It is such a simple little letter, P. It stands for the element phosphorus. It is often misspelled as phosphorous which is an adjective, but even in technical literature it is misspelled. But that's not the end. Phosphorus is an element that takes many forms called oxidation states. When it is in the form of phosphate or phosphoric acid, it is a fertilizer – H3PO4. But when it is in the form of H3PO3 or phosphonate or phosphonite or phosphite or phosphorous acid, it does not perform like a fertilizer. It acts more like a stimulant for a plant to fight off Phytophthora or Pythium. And it works well for avocado and citrus root rots, as well as citrus brown rot.
But a grower recently told me that there is no end of confusion about these two very different forms of P.
A recent article helps to clear up some of this confusion
and more if you are still interested
Sick avocado on the left and healthy on the right
It is more than just the confusion about the effects of phosphonates, but also how to spell the words associated with the P atom. Phosphorus with an ending in “us” is the element we know as P, while Phosphorous with a “ous” ending is the adjective of P. So an acid containing Phosphorous acid is written H3PO3 while phosphoric acid is H3PO4. These are both strong acids and can hurt and cause damage if splashed on the skin. When either is reacted with calcium or potassium hydroxide, a salt is formed which is less dangerous to users, but as with any chemical can be misused.
The salt formed from Phosphorous acid is called calcium phosphite or calcium phosphonate depending on what naming system is used to describe it. Whereas when these bases are reacted with phosphoric acid, the result is calcium or potassium phosphate. These salts are relatively benign in contact with skin. Labels on containers often call phosphorous acid, “soil applied” whereas the phosphite forms are called “leaf applied”. The “soil applied” when applied to a leaf can cause damage, whereas, the leaf applied is much less likely to cause damage to both plant and applicator. It can be applied to the soil, as well. It's much safer to use the leaf applied in either application technique.
The phosphites are often registered as fertilizers, but they have little nutrient effect. Most of their effect is to boost the plant's immunity to Phytophthoras and pythiums. This is called fungistasis and the material is called a fungistat. They don't act as a fungicide when normally applied to kill these organisms.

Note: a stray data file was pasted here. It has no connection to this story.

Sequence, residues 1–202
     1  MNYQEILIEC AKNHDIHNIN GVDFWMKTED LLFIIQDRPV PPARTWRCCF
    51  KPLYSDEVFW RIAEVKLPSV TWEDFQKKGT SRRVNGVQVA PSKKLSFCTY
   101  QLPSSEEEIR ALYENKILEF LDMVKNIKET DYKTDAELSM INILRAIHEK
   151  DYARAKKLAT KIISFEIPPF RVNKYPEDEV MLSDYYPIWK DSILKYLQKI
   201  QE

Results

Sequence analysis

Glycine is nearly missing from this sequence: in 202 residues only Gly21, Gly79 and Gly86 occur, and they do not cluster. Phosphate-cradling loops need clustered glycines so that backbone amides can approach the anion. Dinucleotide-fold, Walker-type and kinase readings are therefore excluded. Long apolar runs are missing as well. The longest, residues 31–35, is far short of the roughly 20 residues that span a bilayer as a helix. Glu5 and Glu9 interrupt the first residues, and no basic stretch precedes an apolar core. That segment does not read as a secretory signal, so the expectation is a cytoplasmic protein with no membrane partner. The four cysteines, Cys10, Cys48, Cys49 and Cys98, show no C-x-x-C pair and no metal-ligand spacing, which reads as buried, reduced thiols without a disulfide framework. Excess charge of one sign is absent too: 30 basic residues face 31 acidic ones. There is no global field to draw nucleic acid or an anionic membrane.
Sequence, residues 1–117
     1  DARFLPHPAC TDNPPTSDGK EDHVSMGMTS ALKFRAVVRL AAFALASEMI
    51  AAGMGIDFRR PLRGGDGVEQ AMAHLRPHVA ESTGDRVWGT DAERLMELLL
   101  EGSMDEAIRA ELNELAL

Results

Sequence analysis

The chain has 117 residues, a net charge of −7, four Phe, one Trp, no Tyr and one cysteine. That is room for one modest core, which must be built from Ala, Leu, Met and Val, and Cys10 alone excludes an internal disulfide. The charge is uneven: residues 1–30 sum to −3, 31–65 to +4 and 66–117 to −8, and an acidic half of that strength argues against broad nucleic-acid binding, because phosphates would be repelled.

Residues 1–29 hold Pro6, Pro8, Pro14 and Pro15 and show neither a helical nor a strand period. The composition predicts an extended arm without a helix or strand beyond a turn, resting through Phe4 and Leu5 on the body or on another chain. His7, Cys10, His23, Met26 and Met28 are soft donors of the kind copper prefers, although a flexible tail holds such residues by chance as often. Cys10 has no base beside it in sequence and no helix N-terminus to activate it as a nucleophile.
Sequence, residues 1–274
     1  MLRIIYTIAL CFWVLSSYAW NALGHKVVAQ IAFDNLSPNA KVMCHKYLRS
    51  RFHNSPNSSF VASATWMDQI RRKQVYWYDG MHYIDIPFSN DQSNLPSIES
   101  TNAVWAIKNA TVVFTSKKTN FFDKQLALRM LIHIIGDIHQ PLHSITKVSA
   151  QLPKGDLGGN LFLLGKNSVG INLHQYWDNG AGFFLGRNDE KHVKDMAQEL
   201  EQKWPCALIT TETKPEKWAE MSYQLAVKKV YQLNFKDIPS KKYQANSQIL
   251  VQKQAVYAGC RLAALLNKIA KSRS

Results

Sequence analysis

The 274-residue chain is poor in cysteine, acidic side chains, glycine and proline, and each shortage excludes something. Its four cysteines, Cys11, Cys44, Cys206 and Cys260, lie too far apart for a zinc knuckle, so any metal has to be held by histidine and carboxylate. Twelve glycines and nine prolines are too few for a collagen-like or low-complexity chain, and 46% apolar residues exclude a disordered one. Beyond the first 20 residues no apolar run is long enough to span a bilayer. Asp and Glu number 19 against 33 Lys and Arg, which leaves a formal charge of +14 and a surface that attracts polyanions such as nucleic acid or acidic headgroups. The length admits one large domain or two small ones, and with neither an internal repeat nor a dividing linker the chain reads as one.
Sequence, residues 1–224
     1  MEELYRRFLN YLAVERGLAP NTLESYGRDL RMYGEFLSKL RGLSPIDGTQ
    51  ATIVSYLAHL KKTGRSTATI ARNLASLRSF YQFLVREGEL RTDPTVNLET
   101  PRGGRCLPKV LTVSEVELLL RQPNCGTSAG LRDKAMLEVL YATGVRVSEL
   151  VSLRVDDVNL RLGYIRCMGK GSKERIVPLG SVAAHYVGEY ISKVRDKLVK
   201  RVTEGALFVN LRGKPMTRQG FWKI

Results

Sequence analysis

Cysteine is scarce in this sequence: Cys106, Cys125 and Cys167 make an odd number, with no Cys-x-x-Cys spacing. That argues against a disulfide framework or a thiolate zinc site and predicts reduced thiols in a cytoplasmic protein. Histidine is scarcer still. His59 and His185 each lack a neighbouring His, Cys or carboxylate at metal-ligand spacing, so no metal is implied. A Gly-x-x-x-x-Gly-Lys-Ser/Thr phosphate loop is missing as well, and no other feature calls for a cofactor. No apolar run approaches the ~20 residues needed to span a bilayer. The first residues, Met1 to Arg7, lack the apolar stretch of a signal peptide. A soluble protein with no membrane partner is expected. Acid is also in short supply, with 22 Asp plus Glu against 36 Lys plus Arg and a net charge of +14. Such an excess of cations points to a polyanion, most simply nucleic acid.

So you can see there is a lot of confusion in the phosphorous world. Knowing the proper spelling, pronunciation and use is note only good grammar, it makes good farming.
To read more, see:
There are few documented cases of phosphorus (P) deficiency in tree crops in California.
I was recently in an avocado orchard and saw the rounded fruit and small leaves typical of zinc deficient trees. I asked the grower if there were recent leaf analysis of the orchard, and so we looked at them. The leaves were running at 20 ppm which is low. Sufficiency runs at 50 ppm. The recommendation was to apply zinc sulfate to the soil. The recommendation included, though 200 pounds of phosphorus per acre. Phosphorus and zinc are antagonistic, meaning applying one can limit uptake of the other. In applying phosphorus at such a high rate was probably preventing uptake of zinc. It is also antagonistic to copper, iron and manganese, so all of these micronutrients can be limited by phosphorus applications.
There have only been two documented cases of phosphorus deficiency in fruit trees, walnuts on a volcanic soil in Lake County and oranges on decomposed granite in San Diego. It is an essential element, yes, but applying it when there is sufficiency in the leaves can lead to other problems which can be hard to correct. Generally speaking, phosphorus does not need to be applied to fruit trees in California. In other states that have peat soils, high carbonates or highly weathered soils, phosphorus application is a normal practice, but here make sure you need it before applying it.